Investment funds can be named in different ways, often it’s easy to refer to them as investment pools, collective investment vehicles, collective investment schemes, managed funds, or even simply funds.
According to Directive 2009/65/EC of the European Parliament and of the Council of 13 July 2009 the regulatory term is “undertaking for collective investment in transferable securities" or "short collective investment undertaking”.
What are investment funds?
Investment funds, according to the European Union Commission, are financial institutions designed with the purpose to pool investors’ capital and invest it collectively in a portfolio of financial assets like stocks, bonds, and other securities.
The directive on undertakings for collective investment in transferable securities (UCITS) is the main European framework covering collective investment schemes.
Investment funds are considered an important instrument in helping people build up their personal savings, whether it be for retirement or major investments. They are also important because permit the borrowing of institutional and individual savings to businesses and initiatives that support growth and employment.
Looking at M. Kacperczyk et al. works is easy to realize that when you invest in an investment fund you are not investing by yourself, but you are investing alongside other investors. This simple fact gives you the advantages of working in a team, like a significantly lower risk of the investment.
Other advantages deriving from investing alongside other people in an investment fund are:
- the possibility to hire professional investment managers, who might provide greater returns and more effective risk management;
- the ability to take advantage of economies of scale, i.e., lower transaction costs;
- the possibility to improve asset diversification to reduce some unsystematic risk.
Investment funds differ from each other in many characteristics.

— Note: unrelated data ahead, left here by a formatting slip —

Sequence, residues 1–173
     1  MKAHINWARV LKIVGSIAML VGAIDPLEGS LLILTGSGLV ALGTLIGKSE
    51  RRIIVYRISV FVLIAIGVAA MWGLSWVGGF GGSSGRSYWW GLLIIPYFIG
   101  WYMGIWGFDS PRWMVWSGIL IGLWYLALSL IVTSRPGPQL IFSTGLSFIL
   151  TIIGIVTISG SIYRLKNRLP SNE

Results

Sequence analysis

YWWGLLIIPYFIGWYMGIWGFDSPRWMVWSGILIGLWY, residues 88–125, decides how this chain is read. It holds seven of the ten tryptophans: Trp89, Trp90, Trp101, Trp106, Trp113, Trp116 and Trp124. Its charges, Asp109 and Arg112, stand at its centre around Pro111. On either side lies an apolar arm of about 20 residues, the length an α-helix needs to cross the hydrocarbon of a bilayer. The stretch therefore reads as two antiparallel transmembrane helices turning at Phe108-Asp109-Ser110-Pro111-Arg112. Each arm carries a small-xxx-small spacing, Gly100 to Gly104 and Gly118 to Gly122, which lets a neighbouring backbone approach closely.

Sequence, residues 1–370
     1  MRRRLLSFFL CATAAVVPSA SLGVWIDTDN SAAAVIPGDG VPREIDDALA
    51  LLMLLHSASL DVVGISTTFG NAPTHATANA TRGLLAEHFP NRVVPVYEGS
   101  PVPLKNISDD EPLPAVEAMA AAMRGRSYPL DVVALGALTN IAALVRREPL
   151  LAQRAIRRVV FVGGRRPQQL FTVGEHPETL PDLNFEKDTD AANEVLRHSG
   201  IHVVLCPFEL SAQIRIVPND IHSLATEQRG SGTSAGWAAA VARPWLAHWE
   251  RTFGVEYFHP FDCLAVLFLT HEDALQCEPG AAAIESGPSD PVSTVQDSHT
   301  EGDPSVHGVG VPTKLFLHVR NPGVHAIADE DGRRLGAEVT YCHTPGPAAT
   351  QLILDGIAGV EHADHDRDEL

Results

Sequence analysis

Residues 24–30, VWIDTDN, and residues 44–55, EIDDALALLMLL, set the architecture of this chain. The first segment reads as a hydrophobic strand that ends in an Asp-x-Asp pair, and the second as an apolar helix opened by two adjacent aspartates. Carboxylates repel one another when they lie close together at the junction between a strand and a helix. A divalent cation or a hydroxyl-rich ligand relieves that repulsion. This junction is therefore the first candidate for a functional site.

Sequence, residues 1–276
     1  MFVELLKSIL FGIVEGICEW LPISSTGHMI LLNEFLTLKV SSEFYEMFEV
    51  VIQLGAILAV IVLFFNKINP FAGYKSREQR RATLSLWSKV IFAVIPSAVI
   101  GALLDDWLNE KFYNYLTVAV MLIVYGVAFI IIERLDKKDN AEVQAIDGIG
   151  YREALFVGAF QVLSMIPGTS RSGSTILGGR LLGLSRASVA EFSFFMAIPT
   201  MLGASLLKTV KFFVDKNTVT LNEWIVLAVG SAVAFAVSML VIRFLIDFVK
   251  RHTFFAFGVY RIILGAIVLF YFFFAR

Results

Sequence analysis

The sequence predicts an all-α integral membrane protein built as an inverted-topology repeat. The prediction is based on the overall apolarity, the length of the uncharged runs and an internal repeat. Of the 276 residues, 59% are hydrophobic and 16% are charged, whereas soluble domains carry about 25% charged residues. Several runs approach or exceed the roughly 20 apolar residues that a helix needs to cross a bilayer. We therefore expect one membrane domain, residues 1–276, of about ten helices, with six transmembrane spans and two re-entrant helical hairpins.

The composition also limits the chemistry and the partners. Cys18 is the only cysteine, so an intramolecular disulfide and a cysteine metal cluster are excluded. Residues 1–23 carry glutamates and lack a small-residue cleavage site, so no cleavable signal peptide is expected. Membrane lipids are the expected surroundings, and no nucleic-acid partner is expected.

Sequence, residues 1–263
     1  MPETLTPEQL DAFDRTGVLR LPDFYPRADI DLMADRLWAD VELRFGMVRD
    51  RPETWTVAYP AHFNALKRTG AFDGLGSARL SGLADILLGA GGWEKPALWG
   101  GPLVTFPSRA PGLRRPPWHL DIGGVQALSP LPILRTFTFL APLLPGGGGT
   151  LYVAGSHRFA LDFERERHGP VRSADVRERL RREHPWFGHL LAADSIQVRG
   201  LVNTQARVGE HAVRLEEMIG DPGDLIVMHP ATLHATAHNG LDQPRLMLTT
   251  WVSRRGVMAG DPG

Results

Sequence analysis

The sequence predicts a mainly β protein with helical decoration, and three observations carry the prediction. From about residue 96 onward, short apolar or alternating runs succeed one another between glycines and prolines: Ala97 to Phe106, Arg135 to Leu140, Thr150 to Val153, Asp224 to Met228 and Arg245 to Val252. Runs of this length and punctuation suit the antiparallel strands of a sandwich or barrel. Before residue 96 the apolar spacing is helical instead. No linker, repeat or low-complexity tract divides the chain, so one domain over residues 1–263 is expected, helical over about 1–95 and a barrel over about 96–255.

According to A. Ganchev, investment funds can be held by the public, such as a mutual fund, exchange-traded fund, special-purpose acquisition company, or closed-end fund, or they may be sold only in a private placement, such as a hedge fund or private equity fund. Furthermore, they can be specialized vehicles such as collective and common trust funds, which are unique bank-managed funds designed primarily to combine assets from qualifying pension plans or trusts. Or they can even be of governmental property like the sovereign wealth funds.
Usually, funds are selected by investors basing their decision on the specified investment aims, their past investment performance, and other factors such as fees.
The importance of investment funds in today's markets
Investment funds are becoming more and more important and control an increasingly vast amount of wealth. Looking to John Morley 2013, by some estimates, the various types of funds collectively hold about $18 trillion in the United States. They hold more assets than the commercial banking system and almost enough assets to equal the value of all domestic equity securities listed on the New York Stock Exchange and NASDAQ combined.
In Europe, approximately 75% of all collective investments made by small investors are made through undertakings for collective investment in transferable securities.
Types of investment funds
Almost all of the businesses that we typically think of as investment funds separate their funds and managers. But despite this commonality, we have a wide range of different types of investment funds. A fist big difference is between funds managed by companies and funds managed by government.